Getting Professional Help

In my previous post, I intimated that I was considering getting professional help. Then I clarified, for those who know me, that I was referring to professional help for my novel: an editor, not a psychiatrist! Ah, this business of finding an editor is fraught with uncertainty! I’ve learned that much as with music teachers and martial arts instructors, one can call oneself an editor without having any specific training or certification. A quick Google search reveals thousands of self-styled editors who would be happy to take a look at my novel in exchange for a pile of cash. Editing isn’t cheap!

On the other hand, I believe in my idea. I believe that inside the words I wrote, there is an excellent novel. I feel as though I’ve chipped away all the superfluous stone I can find, I feel that I’m close to seeing the angel inside the rock, but at this point, I need an experienced sculptor to help me.

I researched potential editors on the internet. Not everything one reads on the internet is true, but it’s a reasonable place to start. The first thing that became apparent to me was that not only are there a multitude of editors out there, but there are several different types of editing that an author might require. Significant structural anomalies such as problems with plot, dialogue, point of view or believability issues need a developmental edit. Once that’s completed or deemed unnecessary in the case of a very talented and experienced author, there is stylistic or line editing. When there are no further significant changes in the text, copy editing fixes the grammar and punctuation. Proofreading is the final pass over the work after the page proofs are complete. In traditional publishing, copy editing and proofreading are the responsibility of the publishing house; in the self-publishing world, the author needs to find her copy editor/proofreader. I learned that copy editing requires different training than developmental editing.

To improve the signal-to-noise ratio in my search for an editor, I determined to disregard those who are primarily authors or whatever, but who “will also provide editing services.” I looked for websites that are professional yet friendly, that focus on editing or publishing services, that include up-to-date blogs, and that provide information that is useful to writers. As examples of websites that impress me, I offer this from a publishing consultant and this from an editor. As it turns out, I don’t know either of these people, and I didn’t end up hiring them, but based on their professional internet presence I feel I would like to know them and I could see using them in the future.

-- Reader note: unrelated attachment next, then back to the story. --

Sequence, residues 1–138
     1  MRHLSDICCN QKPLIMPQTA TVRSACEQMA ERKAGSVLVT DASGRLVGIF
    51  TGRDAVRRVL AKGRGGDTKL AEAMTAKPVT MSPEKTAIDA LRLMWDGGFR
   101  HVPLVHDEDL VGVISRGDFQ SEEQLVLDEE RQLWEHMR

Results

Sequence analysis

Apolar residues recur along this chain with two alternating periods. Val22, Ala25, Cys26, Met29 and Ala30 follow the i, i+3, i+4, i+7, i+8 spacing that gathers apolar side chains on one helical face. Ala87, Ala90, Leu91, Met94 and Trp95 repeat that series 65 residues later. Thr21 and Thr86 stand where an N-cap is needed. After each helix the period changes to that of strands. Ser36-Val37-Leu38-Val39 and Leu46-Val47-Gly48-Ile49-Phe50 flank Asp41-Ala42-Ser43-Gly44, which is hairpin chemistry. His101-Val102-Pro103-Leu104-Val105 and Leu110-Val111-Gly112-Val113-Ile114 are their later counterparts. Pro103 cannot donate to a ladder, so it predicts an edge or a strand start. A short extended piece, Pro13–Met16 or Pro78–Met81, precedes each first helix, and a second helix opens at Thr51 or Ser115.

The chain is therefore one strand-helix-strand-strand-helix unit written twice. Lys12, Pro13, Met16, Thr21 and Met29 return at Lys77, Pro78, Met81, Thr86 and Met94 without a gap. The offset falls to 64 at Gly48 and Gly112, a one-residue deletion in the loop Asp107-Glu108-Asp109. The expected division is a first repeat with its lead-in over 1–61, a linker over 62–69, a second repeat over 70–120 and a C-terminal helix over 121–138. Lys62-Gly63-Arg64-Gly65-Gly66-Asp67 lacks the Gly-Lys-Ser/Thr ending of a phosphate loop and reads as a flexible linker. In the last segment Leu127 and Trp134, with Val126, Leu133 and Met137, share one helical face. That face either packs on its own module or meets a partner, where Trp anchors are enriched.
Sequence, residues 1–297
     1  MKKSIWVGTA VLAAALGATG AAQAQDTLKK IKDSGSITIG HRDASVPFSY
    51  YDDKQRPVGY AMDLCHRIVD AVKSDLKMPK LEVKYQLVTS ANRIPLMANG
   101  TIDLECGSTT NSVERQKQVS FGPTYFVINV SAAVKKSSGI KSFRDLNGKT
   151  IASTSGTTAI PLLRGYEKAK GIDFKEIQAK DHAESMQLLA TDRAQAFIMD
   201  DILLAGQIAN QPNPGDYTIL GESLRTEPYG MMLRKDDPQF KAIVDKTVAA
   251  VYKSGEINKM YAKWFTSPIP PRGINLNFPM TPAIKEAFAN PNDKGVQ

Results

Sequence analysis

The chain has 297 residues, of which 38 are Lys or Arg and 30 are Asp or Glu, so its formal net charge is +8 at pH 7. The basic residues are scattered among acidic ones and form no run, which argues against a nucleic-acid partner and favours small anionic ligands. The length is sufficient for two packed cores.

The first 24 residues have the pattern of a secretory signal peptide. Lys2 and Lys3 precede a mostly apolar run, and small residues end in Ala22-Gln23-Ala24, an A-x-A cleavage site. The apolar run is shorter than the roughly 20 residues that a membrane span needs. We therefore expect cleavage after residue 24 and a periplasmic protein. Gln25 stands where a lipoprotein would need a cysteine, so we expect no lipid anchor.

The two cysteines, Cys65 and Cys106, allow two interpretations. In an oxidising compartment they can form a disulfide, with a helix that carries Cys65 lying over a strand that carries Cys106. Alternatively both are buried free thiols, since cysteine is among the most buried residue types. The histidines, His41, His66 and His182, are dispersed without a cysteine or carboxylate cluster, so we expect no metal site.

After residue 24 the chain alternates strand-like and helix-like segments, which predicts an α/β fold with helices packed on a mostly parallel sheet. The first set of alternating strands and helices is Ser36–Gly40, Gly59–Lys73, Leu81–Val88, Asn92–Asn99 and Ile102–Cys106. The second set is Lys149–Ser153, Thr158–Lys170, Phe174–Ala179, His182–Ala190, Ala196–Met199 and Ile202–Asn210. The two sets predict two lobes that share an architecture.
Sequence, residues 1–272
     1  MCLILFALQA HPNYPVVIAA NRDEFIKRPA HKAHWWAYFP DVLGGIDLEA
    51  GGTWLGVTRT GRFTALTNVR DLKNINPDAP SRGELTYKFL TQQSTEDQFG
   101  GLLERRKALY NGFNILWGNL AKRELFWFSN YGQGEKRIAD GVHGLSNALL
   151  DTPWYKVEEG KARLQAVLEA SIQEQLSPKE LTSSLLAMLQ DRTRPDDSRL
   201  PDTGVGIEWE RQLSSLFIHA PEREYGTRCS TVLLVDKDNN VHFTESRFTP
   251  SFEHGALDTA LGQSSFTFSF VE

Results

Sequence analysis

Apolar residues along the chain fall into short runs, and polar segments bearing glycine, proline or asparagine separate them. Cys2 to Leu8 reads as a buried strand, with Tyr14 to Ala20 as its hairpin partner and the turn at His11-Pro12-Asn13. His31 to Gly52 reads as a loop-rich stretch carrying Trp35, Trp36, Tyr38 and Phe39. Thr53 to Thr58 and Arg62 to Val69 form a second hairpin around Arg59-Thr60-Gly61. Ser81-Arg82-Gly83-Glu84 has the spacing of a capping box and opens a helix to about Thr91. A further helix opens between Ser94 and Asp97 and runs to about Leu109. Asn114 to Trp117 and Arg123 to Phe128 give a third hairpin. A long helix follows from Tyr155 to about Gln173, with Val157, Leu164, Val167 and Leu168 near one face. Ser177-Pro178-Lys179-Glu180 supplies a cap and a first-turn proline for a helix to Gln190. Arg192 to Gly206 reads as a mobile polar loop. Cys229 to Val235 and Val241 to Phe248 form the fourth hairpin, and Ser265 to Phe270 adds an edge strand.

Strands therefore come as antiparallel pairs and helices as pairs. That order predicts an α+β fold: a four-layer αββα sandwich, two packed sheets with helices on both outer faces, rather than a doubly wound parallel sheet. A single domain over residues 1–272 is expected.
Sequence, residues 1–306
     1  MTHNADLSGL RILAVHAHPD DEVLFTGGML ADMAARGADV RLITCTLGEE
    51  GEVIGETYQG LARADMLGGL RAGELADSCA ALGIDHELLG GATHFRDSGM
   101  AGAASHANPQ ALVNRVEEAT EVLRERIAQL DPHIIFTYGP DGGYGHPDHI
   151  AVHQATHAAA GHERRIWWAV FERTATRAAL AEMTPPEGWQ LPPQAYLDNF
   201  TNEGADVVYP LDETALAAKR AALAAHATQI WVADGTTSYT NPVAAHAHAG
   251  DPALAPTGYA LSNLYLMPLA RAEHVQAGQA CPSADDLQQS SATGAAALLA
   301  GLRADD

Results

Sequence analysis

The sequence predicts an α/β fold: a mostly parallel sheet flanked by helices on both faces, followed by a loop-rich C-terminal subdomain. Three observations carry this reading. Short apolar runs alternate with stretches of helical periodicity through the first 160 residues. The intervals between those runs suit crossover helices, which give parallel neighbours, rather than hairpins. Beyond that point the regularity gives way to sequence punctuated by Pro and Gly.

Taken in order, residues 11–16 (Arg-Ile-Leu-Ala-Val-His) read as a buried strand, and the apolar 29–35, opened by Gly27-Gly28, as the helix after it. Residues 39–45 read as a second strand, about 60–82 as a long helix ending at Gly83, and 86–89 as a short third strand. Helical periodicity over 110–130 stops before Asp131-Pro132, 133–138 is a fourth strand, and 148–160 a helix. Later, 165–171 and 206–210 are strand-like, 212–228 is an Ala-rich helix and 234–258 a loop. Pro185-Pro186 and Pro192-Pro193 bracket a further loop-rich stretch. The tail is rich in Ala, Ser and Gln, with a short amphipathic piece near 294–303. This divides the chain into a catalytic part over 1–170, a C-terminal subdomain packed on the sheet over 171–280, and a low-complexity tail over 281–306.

So which girl did I ask to the dance? I read an article in Business Insider that impressed me. I like the way Natasa thought. The idea that I could work with one of the most respected editors in the industry, someone with extensive experience in a major New York publishing house, without my own New York connections…that fired me up! Their website met all my criteria for professionalism, approachability, and usefulness. I decided I was willing to risk paying a little more for someone who knew the business and who would look at my synopsis and part of my manuscript and match me with an editor who was likely to fit with me. I paid for a trial edit of my first 2,500 words. Here’s the critical point: I agreed with every suggestion she made, yet each idea was something I had not seen on my own until she pointed it out. My editor has many years of experience at two well-respected New York publishing houses and has worked with some famous authors. We spoke by phone. I felt we clicked. So I decided to go for it.

I’ll let you know in a couple of months how it went. But I’m excited and feeling good about it!